"I did swear that day that I'd be the one to kill you. Didn't think I'd be doing it to spare you."
"Yeah, well, I made a similar oath. Still, better than starving... or watching the other get cut down by someone else."
The two men clasped their forearms and made one final vow. Brothers, to the last.
No one would know the outcome of their battle. Outside the cave, the blizzard continued to rage.
From the desk of Elenwen, First Emmissary of the Thalmor
Members of the High Council of the Third Dominion;
My time in Skyrim has been quite productive. Planting the seeds of rebellion was easy enough; that courier we sent to Ulfric falsely indicating Torryg's betrayal (Still don't understand why the latter wouldn't take our gold) was more convincing than predicted. Our psychological torture of the former undoubtedly played a role in his readiness to believe whatever we wanted him to; of course, we killed the courier soon after, as protocol dictated.
The council's worry over Tullius is unfounded, I assure you. We learned of his Legate's Talos worship and have been using the threat of her arrest and execution to bind Tullius to our will. If he makes even the slightest attempt to resist, we have people in place to assure the deed is done. The council may also rest easy in the knowledge that orders to carry out the threat regardless are already in place should the Empire win the war. In that event, Tullius will follow her shortly.
However, I am most eager to tell you of what I believe to be my personal crowning achievement in this conflict, which I hope the council will recognize and reward. As the successful ceasefire negotiations created an unacceptable possibility of reconciliation between the two factions, I determined a cause for continued war for both sides was necessary. To that end our Justicars were sent to Karthwasten and Ivarstead in force, eliminating all therein and placing evidence implicating the Stormcloaks in the former and the Imperials in the latter. No evidence of our presence was left, and no witnesses to our work were allowed to escape. The execution of the teams we sent was unfortunate, but necessary to prevent the possibility of any leaks. The plan worked perfectly; both sides blamed the other for the actions we carried out, and within the week they were back to killing each other.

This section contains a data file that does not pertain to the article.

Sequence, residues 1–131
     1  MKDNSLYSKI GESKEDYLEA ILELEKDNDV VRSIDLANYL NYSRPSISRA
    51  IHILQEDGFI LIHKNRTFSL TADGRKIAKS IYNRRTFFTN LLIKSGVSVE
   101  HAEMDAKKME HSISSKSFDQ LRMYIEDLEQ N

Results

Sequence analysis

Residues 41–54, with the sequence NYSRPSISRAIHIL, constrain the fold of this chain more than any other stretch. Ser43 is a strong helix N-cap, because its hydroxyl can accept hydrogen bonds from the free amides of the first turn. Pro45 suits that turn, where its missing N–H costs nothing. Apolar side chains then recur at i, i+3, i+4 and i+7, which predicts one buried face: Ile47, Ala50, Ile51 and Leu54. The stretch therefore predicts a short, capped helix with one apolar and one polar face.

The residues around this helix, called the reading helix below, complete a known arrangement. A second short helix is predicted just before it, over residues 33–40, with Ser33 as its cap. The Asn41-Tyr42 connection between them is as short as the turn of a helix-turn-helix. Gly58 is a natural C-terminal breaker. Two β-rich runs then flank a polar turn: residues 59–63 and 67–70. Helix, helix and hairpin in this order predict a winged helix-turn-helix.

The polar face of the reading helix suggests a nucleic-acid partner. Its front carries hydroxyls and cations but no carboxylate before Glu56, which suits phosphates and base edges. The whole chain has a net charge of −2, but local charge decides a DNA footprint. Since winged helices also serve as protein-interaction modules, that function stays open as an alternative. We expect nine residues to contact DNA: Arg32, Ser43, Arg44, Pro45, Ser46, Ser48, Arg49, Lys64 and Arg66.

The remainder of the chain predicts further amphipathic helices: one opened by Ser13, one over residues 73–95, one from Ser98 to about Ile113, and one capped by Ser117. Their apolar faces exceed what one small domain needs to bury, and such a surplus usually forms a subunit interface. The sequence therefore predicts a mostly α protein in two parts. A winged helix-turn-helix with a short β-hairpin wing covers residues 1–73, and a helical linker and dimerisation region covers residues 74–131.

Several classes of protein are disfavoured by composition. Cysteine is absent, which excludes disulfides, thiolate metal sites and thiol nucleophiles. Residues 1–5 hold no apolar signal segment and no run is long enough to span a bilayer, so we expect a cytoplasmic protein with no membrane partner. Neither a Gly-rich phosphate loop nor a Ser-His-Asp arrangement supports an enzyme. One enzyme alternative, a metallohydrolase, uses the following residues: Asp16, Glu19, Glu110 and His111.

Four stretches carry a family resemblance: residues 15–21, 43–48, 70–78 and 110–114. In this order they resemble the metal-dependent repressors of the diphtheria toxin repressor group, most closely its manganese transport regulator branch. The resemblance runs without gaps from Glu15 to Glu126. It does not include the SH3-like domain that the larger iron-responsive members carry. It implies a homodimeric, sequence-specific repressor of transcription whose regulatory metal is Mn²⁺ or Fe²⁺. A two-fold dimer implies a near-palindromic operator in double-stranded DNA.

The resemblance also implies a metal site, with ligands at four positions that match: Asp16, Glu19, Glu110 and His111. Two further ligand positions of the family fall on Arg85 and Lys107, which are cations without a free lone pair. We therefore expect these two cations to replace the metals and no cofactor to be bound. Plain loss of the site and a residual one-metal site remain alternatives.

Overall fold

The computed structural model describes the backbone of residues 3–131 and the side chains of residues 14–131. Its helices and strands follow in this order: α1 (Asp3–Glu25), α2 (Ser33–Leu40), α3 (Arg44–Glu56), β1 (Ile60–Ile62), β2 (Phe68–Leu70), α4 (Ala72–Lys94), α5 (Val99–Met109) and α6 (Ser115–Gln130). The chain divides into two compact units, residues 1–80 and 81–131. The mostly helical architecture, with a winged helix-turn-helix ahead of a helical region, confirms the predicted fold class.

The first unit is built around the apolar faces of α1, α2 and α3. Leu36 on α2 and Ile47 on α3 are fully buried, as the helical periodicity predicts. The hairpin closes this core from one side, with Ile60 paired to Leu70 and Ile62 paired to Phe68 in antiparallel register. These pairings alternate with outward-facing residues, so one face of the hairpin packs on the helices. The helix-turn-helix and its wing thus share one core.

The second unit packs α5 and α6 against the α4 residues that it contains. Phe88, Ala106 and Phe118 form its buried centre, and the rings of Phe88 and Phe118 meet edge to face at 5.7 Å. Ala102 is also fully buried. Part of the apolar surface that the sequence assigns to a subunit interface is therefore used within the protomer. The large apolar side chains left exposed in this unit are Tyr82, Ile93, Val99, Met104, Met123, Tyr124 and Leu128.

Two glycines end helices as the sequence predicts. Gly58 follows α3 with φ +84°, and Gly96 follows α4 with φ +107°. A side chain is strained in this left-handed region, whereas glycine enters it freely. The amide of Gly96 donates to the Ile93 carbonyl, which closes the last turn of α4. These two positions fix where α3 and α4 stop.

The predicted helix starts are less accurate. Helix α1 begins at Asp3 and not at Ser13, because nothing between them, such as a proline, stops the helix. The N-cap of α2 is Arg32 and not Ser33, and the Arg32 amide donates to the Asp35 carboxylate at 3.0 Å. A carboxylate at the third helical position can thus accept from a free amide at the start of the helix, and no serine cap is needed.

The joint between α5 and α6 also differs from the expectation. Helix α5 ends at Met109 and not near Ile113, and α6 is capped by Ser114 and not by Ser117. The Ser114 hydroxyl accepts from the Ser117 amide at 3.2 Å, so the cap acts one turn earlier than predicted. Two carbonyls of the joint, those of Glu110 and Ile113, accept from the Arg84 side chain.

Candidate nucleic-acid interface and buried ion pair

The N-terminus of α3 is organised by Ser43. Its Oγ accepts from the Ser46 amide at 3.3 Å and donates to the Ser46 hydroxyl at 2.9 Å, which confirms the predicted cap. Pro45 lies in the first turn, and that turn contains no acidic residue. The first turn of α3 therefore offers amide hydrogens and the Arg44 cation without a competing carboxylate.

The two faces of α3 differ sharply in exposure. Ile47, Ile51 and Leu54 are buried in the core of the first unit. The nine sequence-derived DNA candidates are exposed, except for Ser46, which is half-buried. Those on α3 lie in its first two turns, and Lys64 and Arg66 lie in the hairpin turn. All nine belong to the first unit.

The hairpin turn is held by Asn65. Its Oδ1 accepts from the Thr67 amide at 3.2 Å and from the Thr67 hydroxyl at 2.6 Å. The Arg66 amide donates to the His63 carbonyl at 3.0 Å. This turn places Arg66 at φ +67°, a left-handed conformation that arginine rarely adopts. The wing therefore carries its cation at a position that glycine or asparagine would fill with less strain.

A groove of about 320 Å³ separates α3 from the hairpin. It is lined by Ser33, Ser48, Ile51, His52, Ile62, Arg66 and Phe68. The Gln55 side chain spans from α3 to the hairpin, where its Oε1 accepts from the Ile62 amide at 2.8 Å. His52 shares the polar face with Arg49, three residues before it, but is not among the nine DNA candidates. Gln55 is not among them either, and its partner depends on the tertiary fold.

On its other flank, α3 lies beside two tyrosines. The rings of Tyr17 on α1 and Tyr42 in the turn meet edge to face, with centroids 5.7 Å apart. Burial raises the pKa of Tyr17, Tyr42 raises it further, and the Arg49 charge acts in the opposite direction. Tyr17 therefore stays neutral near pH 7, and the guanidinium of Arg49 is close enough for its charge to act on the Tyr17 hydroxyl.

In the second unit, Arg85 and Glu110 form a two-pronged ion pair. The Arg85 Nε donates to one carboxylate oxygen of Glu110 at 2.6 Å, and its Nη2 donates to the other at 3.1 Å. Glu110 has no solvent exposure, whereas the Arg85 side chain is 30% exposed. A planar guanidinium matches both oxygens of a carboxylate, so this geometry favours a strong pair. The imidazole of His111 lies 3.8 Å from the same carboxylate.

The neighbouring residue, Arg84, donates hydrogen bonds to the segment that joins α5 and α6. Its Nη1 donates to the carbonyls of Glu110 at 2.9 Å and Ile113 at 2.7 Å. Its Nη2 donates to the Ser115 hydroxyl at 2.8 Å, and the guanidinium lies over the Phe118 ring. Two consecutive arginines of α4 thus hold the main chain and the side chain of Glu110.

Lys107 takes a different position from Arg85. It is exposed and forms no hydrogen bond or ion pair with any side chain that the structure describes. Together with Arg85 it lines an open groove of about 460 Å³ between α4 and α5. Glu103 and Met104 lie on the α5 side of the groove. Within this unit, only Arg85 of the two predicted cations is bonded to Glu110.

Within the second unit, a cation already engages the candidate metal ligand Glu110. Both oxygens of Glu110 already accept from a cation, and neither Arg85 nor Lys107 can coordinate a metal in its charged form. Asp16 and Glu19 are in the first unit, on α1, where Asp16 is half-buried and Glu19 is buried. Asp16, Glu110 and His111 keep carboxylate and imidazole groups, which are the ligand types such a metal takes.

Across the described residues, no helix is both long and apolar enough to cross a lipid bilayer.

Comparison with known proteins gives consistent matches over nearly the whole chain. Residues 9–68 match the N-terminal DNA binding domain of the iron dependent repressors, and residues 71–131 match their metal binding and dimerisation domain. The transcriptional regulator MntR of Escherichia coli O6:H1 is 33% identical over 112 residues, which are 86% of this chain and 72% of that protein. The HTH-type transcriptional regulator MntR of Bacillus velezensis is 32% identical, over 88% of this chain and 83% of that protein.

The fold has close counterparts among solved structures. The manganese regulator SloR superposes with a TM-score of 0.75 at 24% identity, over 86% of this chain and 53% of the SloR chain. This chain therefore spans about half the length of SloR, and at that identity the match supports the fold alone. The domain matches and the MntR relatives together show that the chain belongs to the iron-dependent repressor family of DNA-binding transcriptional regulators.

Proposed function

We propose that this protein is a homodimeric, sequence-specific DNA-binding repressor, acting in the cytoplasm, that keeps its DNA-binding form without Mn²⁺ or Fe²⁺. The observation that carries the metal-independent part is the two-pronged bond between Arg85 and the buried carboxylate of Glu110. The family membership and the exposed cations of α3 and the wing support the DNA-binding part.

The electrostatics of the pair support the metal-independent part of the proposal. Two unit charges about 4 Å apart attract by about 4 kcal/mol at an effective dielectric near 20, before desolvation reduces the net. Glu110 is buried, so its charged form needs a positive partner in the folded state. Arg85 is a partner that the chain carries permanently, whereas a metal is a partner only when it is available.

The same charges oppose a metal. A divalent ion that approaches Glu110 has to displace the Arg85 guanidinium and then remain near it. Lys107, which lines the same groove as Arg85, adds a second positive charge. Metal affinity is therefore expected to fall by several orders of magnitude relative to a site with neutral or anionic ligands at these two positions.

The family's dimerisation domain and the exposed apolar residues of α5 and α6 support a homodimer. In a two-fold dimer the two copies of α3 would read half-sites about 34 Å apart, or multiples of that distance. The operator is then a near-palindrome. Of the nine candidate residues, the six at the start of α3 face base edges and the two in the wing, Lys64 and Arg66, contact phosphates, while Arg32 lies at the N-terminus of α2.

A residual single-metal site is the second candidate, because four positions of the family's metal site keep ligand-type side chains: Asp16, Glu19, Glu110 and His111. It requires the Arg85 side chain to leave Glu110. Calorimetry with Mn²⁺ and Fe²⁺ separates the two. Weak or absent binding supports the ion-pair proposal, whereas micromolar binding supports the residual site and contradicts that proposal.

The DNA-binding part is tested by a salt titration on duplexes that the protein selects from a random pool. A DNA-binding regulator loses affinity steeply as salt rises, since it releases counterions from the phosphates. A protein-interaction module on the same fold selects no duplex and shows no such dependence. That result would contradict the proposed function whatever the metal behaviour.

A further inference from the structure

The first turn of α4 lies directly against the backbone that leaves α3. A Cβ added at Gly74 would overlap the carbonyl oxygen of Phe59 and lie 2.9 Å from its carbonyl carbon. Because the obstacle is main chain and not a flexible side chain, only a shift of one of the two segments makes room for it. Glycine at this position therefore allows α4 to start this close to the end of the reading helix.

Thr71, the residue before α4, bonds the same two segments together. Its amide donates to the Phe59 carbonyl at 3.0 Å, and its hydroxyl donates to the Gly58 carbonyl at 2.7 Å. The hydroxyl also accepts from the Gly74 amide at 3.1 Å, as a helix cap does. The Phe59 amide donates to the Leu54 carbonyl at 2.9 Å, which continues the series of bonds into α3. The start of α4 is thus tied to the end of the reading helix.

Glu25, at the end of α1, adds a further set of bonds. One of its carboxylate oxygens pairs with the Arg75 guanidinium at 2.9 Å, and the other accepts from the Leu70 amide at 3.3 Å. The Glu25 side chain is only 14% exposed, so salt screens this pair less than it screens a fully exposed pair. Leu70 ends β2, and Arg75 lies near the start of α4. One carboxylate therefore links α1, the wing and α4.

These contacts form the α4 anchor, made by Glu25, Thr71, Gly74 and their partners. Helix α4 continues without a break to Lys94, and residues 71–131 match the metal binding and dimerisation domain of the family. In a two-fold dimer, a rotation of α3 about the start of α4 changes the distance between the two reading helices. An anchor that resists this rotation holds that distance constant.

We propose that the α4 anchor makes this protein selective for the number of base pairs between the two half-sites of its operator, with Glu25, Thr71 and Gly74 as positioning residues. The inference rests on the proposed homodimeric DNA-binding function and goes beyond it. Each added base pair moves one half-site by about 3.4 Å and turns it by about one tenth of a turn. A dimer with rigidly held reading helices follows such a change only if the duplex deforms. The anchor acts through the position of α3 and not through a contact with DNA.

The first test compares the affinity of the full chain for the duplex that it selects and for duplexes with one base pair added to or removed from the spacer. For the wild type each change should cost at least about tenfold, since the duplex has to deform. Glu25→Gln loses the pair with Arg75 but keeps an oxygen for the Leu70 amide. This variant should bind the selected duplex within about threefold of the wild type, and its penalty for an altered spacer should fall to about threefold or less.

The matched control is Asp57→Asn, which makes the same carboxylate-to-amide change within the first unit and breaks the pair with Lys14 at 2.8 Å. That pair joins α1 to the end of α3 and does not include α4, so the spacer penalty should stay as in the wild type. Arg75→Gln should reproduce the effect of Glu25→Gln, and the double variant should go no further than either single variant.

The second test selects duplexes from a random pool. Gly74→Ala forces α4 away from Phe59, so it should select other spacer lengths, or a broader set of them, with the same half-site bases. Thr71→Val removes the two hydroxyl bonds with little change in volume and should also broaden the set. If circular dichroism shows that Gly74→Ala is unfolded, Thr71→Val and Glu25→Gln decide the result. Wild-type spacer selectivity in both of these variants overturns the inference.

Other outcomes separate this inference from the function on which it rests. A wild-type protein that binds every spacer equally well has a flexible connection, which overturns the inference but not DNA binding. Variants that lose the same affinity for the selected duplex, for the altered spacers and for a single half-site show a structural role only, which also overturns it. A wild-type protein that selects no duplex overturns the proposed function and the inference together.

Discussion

The war is not over, but our plans for the future of Tamriel are assu/[`^-|/
(The text ends suddenly. This note was found on what was left of the First Emissary, some strange force having shattered her against the wall of her office.)
A/N: Well, it's done. I told you it would all be explained in the epilogue, didn't I? :smile:
I'm almost certain people will throw things at me for having Hadvar and Ralof kill each other off, but that's war for you (Ow! The throwing thing was metaphorical, people! Stop it!). At least the mastermind got hers. I hope you enjoyed this story; feel free to leave a review, maybe favorite it, or (if you are moved by my pitiful begging) perhaps recommend it on the TVTropes fanfic recommendations page for Skyrim.
Edited by CoGDork